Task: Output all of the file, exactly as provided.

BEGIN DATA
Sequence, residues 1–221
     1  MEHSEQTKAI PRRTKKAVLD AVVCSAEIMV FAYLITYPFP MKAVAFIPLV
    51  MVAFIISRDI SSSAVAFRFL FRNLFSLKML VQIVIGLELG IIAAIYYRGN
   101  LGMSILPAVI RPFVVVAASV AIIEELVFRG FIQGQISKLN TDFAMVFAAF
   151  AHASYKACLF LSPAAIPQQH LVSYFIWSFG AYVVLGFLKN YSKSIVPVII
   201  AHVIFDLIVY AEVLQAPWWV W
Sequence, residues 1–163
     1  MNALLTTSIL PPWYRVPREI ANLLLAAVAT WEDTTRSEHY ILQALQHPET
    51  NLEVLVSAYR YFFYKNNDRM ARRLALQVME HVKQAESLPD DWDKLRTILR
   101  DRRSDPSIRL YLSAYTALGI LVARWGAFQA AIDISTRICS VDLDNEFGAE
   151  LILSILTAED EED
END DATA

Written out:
Sequence, residues 1–221
     1  MEHSEQTKAI PRRTKKAVLD AVVCSAEIMV FAYLITYPFP MKAVAFIPLV
    51  MVAFIISRDI SSSAVAFRFL FRNLFSLKML VQIVIGLELG IIAAIYYRGN
   101  LGMSILPAVI RPFVVVAASV AIIEELVFRG FIQGQISKLN TDFAMVFAAF
   151  AHASYKACLF LSPAAIPQQH LVSYFIWSFG AYVVLGFLKN YSKSIVPVII
   201  AHVIFDLIVY AEVLQAPWWV W
Sequence, residues 1–163
     1  MNALLTTSIL PPWYRVPREI ANLLLAAVAT WEDTTRSEHY ILQALQHPET
    51  NLEVLVSAYR YFFYKNNDRM ARRLALQVME HVKQAESLPD DWDKLRTILR
   101  DRRSDPSIRL YLSAYTALGI LVARWGAFQA AIDISTRICS VDLDNEFGAE
   151  LILSILTAED EED